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Spike in grant funding didn’t keep pace with lost revenue for Illinois cultural groups

Workers tend to bees at Home of Miles East St. Louis (HOME), a museum primarily dedicated to preserving the legacy of jazz great Miles Davis. A report from Illinois Humanities detailed ways that many cultural groups adapted their programing during the coronavirus pandemic.
Illinois Humanities
Workers tend to bees at Home of Miles East St. Louis, a museum primarily dedicated to preserving the legacy of jazz great Miles Davis. A report from Illinois Humanities detailed ways that many cultural groups adapted their programing during the coronavirus pandemic.

Arts and culture organizations that received funding from Illinois Humanities have lost $24.3 million in revenue during the coronavirus pandemic.

A wide-ranging report released by the agency, which funds organizations with annual budgets of less than $1 million, states the nonprofit funder distributed a record $2.4 million between 2020 and 2022, largely due to federal pandemic relief funding.

But the total was dwarfed by the impact of factors like limits on public gathering and ongoing difficulty prompting audiences to return to venues and events — even as one national survey finds more people cite the importance of the arts now than before the pandemic.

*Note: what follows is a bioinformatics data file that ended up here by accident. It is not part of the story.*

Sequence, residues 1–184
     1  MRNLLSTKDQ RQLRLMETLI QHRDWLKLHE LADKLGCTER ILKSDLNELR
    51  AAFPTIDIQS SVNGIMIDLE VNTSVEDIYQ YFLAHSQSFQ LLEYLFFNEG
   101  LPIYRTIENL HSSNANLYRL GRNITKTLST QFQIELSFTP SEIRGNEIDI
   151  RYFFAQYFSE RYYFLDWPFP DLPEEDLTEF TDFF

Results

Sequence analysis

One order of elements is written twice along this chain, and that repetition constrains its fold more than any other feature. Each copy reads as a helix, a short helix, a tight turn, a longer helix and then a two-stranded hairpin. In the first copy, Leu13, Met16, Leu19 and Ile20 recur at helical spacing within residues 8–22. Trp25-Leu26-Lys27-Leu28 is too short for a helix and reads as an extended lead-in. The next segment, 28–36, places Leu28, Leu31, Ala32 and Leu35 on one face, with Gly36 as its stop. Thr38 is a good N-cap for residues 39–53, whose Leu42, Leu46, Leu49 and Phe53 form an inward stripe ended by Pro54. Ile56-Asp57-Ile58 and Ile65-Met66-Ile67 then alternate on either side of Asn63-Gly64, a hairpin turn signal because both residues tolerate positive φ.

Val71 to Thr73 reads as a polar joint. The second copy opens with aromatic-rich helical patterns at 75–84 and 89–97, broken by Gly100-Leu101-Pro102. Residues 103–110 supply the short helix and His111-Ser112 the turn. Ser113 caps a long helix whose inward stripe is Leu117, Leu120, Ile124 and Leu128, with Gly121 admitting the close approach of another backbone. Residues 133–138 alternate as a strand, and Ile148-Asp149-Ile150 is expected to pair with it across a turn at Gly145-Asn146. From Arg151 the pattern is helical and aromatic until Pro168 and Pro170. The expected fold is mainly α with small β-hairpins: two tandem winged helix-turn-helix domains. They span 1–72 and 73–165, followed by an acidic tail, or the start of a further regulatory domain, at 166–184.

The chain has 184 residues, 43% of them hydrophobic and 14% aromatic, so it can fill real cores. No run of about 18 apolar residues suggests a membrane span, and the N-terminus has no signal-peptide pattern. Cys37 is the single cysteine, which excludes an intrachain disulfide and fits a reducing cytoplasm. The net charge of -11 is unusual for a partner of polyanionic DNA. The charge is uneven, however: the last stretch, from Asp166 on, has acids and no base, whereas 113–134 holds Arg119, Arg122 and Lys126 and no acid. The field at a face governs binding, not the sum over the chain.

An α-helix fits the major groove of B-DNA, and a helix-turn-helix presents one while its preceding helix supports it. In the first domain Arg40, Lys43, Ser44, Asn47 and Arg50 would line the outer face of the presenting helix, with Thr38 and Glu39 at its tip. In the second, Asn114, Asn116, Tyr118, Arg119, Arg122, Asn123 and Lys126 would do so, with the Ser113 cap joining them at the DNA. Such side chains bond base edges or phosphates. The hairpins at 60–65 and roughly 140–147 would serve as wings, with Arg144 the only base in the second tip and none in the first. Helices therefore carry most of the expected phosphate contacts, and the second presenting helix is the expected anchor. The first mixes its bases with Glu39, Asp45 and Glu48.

“I think there's a lot of uncertainty about the revenue side and a lot of certainty about the demand side,” said Illinois Humanities Executive Director Gabrielle Lyon.

History is Happening: The State of Humanities Organizations in Illinois During COVID-19,” details programs that smaller organizations developed during the pandemic.

Leaders of House of Miles East St. Louis (HOME), a small museum in the home occupied by jazz great Miles Davis as a child, used emergency pandemic funding to pay utilities bills and ensure that its collection remained undamaged even as pandemic restrictions prevented the public from visiting.

“We were not hosting tours at the time. However, you still have to keep your utilities on. You still have to maintain your building and your grounds. And you have to continue to prep for upcoming tours and programming, whenever those were going to be engaged again,” said Lauren A. Parks, president and co-founder.

The organization began construction this year on a recording studio in an adjacent building. It also keeps bees and runs an organic garden, creating more opportunities for educational programming.

Other organizations shifted their efforts to adapt to changing needs during the pandemic. Many expanded access to programming with online materials and web streams

“Cultural groups kicked into action to help their communities,” said Mark Hallett, director of grants programs for Illinois Humanities. “They were sort of forced to question the way that they do everything that they do,” he added.

Between 2020 and 2022, Illinois Humanities distributed grants to 359 organizations. Other recipients include the Center for Racial Harmony in Belleville, East St. Louis Historical Society, Jackie Joyner-Kersee Foundation in East St. Louis and the HUB Arts & Cultural Center in Quincy.

“Every county in Illinois has folks who are using the humanities in ways that really make their communities better. And those are organizations that can be very meaningful to their hometowns,” Lyon said, “but they aren't always understood to be part of an ecosystem. They’re part of a whole network of folks that are working in ways that really make Illinois better.”

Jeremy is the arts & culture reporter at St. Louis Public Radio.